A symbol of faith
(Editor’s note: We are featuring some of the country’s famed mosques as we celebrate with our Muslim brothers the Islamic festival Eid al-Adha, also called the “Sacrifice Feast”.)
A mosque is considered the center of political, religious and social life of the Muslim people. In the Philippines, the rise of Muslim community was marked by the construction of mosques in Mindanao in the 14th century.
It is assumed that the establishment of mosques signified the acceptance of the Islamic faith of the community leader.
Before the establishment of the Sulu sultanate—the first centralized Muslim government—in 1450, the country’s oldest mosque was built at the Simunul town in Tawi-Tawi province in 1380.
The 637-year-old Sheikh Karimul Makhdum mosque was named after the Arab missionary who had set foot in the town. Only the four pillars made from ipil had remained from the original structure after a series of renovations.
Meanwhile, the Grand Mosque at the seaside village of Inawan, Cotabato City is the country’s biggest to date, which can accommodate 15,000 people.
It was formally named Sultan Hassanal Bolkiah Masjid, after the incumbent Brunei sultan who funded its construction in 2008 at a cost of $48 million. The five-hectare land where it is situated was donated by the family of former Maguindanao Rep. Didagen Dilangalen.
The Grand Mosque symbolizes the best expression of the Muslim faith in the country and the aspirations of a long-neglected region, said the designer, architect Felino Palafox Jr.
“Our inspiration is our own aspiration for interfaith unity in the country and our Muslim brothers. We hope that the masjid will stimulate economic growth and development in Mindanao,” Palafox said in a previous interview with Inquirer.
In Metro Manila, one of the largest mosques is the Masjid Al-Dahab (The Golden Mosque) in Quiapo district.
Then First Lady Imelda Marcos commissioned its construction in 1976 in time for the planned visit of former Libyan President Muammar el-Qaddafi, who was to help facilitate talks between the government and a Muslim rebel group in Mindanao. The construction was completed even if the latter’s trip did not materialize.
Another iconic mosque is the Masjid Dimaukom at Datu Saudi Ampatuan town in Maguindanao province which was painted pink. Built in 2014, it was funded by the late town Mayor Samsudin Dimaukom, who was known for his fondness of the said color.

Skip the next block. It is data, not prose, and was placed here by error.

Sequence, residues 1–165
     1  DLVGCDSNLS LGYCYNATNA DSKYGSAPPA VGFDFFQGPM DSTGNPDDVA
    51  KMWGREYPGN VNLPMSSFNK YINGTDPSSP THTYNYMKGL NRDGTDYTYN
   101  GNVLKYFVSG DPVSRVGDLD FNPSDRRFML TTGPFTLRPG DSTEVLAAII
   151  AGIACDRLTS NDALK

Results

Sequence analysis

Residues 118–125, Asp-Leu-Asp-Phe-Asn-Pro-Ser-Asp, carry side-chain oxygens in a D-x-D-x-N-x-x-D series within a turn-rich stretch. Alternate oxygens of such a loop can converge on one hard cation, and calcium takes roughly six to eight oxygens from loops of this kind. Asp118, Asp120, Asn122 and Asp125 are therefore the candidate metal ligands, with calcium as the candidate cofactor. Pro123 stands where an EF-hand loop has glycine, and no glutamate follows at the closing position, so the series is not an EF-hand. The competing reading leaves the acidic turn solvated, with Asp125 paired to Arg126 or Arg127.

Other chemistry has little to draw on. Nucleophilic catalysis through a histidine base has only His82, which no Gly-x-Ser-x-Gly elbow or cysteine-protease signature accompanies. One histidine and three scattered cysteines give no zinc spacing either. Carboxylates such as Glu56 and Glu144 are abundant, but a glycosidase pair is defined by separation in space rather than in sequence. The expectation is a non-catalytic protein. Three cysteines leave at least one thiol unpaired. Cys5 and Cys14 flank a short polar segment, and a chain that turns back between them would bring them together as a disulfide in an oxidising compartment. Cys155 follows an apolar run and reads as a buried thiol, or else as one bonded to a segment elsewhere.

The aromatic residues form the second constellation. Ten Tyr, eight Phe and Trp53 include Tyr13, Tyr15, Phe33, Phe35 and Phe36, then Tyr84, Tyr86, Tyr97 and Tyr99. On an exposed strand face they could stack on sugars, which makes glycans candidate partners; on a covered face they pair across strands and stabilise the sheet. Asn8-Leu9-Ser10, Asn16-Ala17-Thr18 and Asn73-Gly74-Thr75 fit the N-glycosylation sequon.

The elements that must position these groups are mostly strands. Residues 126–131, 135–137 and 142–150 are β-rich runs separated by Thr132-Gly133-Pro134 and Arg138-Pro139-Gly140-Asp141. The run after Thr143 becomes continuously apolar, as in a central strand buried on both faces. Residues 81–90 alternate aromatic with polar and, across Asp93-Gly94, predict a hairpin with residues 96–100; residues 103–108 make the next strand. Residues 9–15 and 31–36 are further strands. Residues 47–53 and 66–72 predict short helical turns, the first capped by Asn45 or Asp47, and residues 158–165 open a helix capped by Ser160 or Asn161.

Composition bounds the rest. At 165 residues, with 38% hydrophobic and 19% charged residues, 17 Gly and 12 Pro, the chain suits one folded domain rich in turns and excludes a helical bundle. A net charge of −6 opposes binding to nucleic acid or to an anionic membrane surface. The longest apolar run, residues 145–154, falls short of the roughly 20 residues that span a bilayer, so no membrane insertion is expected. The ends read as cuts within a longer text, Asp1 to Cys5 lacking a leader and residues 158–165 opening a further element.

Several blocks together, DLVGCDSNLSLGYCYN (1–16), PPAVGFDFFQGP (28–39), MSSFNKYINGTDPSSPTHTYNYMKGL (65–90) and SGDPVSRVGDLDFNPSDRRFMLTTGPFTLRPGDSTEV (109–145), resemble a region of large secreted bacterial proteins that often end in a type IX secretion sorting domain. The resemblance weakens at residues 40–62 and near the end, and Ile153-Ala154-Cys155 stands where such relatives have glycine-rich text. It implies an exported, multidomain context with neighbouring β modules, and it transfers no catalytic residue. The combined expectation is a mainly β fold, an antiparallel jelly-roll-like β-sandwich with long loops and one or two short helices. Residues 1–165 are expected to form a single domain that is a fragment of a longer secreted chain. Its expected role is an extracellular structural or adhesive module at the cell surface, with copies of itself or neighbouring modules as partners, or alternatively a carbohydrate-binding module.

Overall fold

“Pink is the color of love and peace,” Dimaukom, a self-made millionaire, was quoted as saying. “That’s what’s needed in a region wracked by a decades-long Moro insurgency.”
Another intricate mosque is the Blue Mosque at Maharlika village in Taguig City, which has been used as a socio-civic meeting place for both Filipino and foreign Muslims.
In the Islamic City of Marawi, the green-colored King Faisal Mosque is located inside the campus of Mindanao State University. It was named after its donor, the late king of Saudi Arabia.
Most of Philippine mosques have the basic features of minaret, dome and prayer-niche.
While some minaret (tall, slender tower with balcony) are not functional like those in other Muslim countries, the muezzin (one who calls prayer) stands in the prayer-niche instead to announce the azan (call to prayer).
Some mosques have separate entrances for males and females while some have common entrances for both sexes. Inside, women usually stay at the back of the men during worship.
Some local mosques also do not have a sahn (courtyard) like those found in Middle East. Benches are instead situated outside where Muslims can wait for the next prayer.
During prayers, all Muslims around the world face towards the direction of Kaaba, a cube-shaped edifice located at the center of Islam’s most sacred mosque at Mecca in Saudi Arabia.
While inside the mosque, Muslims feel the sovereignty of Allah as they are in a state of spiritual discipline.
Source: ncca.gov.ph, pulitzercenter.org, taguig.gov.ph, msumain.edu.ph and Inquirer Archives
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